In a yield-starved and uncertain West, emerging market corporate bonds denominated in U.S. dollars could offer investors attractive opportunities, according to the latest Western Asset commentary.
In the past few years, emerging market corporate bonds denominated in the dollar have generally posted healthy returns.
Going forward, these bonds should continue to offer high yields. Moreover, they offer the possibility of enhanced total returns if investors continued to bid up their price.
The Western investment community has long acknowledged the superior long-term economic growth of emerging market countries.
However, it has been hesitant to invest in their corporate bonds markets because of liquidity and default concerns.
Emerging market countries, for example, were prone to financial shocks like the Asian financial crisis of the late 1990s and the Argentine sovereign debt default.
There is also transfer risk, which is the possibility that an emerging market country's government will prevent a company from repaying debt, even if the company could afford to do so.
In 2012 and beyond, however, many governments of emerging market countries actually have better balance sheets than the governments of developed countries, thanks to years of fiscal and monetary discipline. Emerging market countries still retain their growth advantage.
The perceived safety of their corporate debt, relative to developed market corporate debt, has therefore improved.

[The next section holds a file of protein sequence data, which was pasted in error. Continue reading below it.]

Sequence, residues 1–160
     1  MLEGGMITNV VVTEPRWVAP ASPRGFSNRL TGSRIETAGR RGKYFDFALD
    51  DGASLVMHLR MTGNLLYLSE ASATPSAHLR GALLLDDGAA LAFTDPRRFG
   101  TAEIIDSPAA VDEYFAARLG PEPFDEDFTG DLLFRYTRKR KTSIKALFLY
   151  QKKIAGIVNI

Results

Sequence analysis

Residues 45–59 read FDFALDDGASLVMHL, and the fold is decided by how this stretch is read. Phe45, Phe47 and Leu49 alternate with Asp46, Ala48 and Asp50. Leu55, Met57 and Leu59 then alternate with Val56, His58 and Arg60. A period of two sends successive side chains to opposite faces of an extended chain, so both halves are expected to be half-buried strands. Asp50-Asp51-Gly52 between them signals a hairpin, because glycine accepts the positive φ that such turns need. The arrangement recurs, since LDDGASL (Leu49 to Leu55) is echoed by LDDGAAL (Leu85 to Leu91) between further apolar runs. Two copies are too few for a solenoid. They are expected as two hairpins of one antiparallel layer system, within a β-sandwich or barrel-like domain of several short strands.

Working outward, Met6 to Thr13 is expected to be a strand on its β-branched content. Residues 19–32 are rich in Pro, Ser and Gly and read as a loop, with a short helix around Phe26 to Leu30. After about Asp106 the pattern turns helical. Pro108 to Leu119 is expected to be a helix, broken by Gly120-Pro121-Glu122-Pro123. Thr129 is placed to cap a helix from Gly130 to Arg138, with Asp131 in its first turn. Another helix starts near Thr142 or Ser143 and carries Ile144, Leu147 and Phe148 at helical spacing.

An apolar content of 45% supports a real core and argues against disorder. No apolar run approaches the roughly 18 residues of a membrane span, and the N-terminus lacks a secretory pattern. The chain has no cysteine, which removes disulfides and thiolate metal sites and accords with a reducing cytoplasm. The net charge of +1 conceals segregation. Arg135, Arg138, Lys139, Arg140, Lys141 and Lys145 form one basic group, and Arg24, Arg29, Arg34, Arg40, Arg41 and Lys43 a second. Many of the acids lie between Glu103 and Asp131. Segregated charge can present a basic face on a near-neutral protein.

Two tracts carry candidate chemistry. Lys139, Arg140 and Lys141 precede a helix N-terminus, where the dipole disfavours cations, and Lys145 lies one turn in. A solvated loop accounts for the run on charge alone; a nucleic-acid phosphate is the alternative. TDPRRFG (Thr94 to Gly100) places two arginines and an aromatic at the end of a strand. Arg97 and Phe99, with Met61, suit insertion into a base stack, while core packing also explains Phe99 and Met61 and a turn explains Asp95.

In the past, liquidity was a concern for dollar-denominated emerging market corporate bonds because emerging market sovereign bonds were the far more liquid space. Investors prize liquidity, especially for investments they perceive to be risky, because illiquid assets fare poorly during financial panics.
In recent years, however, U.S. dollar-denominated emerging market corporate bonds have become much more mature and liquid. In fact, since 2003, U.S. dollar-denominated emerging market corporate bond issuance has outpaced emerging market sovereign bond issuance.
These improvements in fundamentals may eventually induce more institutions in the Western world to incorporate U.S. dollar-denominated emerging market bonds into their portfolios.
Currently, Western Asset believes developed economy creditors have little existing exposure to this asset class through ETFs, dedicated mutual fund assets and asset tied to indices.
If more institutions jump on board, those who bought emerging market corporate bonds earlier will likely benefit from price appreciation and increased liquidity.
U.S. dollar-denominated emerging market corporate bonds will increasingly become a viable option for global bond investors seeking to capitalize on the positive long-term secular investment story offered by EM countries, stated Western Asset.
These assets may have some disadvantages, however.
Compared with local currency emerging market corporate bonds, they may offer lower returns if the U.S. dollar depreciates against emerging market currencies. In times of financial panic, U.S. asset managers may still have the tendency to switch from emerging market financial assets to U.S. financial assets like Treasuries.